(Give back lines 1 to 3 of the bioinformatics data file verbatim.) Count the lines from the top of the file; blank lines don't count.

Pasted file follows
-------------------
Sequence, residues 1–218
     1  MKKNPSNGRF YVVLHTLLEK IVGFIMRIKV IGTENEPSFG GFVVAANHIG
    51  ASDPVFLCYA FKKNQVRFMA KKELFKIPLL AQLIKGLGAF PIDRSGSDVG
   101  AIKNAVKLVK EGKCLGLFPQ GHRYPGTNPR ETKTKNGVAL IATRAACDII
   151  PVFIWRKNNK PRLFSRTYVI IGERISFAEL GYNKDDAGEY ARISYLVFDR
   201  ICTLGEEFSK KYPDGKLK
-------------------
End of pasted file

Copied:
Sequence, residues 1–218
     1  MKKNPSNGRF YVVLHTLLEK IVGFIMRIKV IGTENEPSFG GFVVAANHIG
    51  ASDPVFLCYA FKKNQVRFMA KKELFKIPLL AQLIKGLGAF PIDRSGSDVG